To George Washington
[Near Springfield, New Jersey, June 8, 1780]
I have seen the enemy; those in view I calculate at about three thousand; there may be and probably enough are others out of sight.1 They have sent all their horse to the other side except about fifty or sixty. Their baggage it is agreed on all hands has also been sent across and their wounded. It is not ascertained that any of their infantry have passed to the other side. There are four or five hundred on the opposite point; but it is uncertain whether they are those who went from this side or those who were on Staten Island. I rather suppose the former.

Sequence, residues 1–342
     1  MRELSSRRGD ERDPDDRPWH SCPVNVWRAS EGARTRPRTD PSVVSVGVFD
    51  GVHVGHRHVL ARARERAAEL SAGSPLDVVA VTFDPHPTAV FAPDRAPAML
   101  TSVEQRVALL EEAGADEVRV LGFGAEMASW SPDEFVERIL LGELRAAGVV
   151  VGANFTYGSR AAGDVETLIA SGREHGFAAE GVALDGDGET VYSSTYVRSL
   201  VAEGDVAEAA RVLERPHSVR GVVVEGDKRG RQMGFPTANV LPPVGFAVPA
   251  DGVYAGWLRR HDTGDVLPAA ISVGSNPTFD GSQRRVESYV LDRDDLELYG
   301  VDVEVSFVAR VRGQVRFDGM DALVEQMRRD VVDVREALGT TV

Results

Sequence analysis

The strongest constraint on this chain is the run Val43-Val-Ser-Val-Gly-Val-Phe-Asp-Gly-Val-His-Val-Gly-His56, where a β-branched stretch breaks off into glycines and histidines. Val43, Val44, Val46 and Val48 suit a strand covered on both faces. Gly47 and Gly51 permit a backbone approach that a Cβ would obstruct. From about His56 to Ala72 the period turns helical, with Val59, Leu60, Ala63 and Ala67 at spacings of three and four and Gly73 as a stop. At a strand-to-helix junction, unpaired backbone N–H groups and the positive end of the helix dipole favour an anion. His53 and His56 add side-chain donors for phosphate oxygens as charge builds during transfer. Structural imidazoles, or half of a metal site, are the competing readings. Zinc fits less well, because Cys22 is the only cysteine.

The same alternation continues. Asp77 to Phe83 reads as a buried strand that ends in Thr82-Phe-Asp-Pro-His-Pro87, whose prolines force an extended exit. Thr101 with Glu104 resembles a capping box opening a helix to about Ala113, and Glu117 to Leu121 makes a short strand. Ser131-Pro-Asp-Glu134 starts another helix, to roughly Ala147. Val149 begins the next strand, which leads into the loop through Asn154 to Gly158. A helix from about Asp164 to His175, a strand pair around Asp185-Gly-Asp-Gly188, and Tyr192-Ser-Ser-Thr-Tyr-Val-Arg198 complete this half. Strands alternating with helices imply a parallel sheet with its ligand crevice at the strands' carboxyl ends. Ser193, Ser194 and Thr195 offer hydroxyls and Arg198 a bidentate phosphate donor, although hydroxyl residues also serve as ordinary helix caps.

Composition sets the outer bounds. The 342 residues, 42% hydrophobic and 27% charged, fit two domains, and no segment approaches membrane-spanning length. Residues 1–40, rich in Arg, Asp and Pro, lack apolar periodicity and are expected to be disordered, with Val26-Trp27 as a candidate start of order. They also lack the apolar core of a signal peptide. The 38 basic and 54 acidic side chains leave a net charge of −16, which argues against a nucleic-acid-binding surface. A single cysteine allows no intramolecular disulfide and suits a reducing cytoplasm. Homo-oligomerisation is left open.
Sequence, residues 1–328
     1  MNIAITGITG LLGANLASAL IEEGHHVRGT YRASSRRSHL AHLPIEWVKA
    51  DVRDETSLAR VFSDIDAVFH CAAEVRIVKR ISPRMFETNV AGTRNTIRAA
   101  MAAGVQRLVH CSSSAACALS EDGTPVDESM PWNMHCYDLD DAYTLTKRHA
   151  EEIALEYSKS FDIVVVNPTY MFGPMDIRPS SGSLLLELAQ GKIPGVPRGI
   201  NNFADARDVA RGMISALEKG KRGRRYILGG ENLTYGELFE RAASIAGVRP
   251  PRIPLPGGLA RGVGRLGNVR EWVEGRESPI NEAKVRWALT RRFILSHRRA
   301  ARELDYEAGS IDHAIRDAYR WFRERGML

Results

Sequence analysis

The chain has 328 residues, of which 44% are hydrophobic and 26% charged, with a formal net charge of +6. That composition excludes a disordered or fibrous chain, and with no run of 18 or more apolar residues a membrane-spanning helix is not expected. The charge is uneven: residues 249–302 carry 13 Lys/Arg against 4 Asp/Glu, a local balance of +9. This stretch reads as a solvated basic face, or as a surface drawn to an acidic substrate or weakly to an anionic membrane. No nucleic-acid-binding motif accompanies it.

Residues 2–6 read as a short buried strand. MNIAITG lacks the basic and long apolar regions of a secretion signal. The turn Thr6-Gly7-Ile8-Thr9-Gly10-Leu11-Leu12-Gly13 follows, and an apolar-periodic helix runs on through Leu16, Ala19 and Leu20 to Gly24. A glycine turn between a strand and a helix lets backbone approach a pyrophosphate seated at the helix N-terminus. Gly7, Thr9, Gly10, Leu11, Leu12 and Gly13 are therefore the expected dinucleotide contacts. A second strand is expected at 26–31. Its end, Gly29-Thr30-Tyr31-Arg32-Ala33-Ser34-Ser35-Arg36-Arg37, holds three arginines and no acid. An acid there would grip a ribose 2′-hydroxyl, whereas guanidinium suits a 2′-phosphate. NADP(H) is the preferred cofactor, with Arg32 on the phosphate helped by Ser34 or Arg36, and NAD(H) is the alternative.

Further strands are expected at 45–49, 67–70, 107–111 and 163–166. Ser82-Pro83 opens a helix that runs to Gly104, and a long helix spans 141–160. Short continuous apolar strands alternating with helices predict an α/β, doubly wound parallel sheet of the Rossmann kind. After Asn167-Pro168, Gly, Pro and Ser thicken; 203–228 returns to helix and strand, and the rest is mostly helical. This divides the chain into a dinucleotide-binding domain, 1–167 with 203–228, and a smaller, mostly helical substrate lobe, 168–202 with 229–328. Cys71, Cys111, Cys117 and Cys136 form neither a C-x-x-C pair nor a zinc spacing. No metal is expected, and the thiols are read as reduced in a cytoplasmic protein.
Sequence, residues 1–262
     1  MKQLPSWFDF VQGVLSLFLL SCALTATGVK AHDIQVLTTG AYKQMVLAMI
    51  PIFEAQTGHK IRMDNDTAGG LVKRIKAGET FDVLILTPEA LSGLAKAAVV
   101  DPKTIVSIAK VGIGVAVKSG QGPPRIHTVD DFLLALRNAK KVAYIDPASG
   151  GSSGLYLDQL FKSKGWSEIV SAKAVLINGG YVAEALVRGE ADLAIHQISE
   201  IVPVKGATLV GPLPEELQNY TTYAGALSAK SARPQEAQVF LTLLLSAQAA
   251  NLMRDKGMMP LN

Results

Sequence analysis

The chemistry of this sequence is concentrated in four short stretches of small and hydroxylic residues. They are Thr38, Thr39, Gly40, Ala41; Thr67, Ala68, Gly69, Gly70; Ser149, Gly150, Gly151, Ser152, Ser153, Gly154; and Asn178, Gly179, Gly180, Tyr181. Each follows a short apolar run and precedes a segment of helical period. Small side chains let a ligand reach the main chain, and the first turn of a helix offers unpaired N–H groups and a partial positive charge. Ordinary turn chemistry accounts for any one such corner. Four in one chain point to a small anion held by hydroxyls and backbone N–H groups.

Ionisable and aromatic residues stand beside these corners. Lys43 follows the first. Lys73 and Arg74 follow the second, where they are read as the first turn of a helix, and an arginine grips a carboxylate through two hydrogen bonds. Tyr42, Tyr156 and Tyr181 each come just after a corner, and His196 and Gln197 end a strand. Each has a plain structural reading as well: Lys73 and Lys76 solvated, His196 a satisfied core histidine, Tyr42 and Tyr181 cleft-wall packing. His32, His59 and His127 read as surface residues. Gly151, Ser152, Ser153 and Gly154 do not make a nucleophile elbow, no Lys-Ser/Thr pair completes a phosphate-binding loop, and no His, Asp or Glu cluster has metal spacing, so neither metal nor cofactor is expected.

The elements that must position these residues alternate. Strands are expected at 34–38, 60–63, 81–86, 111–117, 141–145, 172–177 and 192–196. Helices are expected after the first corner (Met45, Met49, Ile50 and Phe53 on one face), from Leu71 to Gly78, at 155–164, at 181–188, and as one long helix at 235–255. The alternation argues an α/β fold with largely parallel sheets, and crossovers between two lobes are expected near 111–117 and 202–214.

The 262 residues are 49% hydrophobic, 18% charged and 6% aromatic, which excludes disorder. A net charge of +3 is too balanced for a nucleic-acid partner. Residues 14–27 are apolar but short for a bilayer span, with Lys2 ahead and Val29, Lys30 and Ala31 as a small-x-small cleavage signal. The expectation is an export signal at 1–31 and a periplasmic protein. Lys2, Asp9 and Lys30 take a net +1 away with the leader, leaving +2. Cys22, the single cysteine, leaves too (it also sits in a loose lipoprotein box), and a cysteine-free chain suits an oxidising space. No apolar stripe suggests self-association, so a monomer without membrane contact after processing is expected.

Different conjectures may be made. The present movement may be calculated to draw us down and betray us into an action. They may have desisted from their intention of passing till night for fear of our falling upon their rear. I believe this is the case; for as they have but few boats it would certainly be a delicate manœuvre to cross in our face. We are taking measures to watch their motions to night as closely as possible. An incessant but very light skirmishing. Very few boats, not more than enough to carry three or four hundred men at a time. It is likely more will come down this evening.
I have the honor to be Yr. Excellency’s Most Obed Ser
ALS, George Washington Papers, Library of Congress.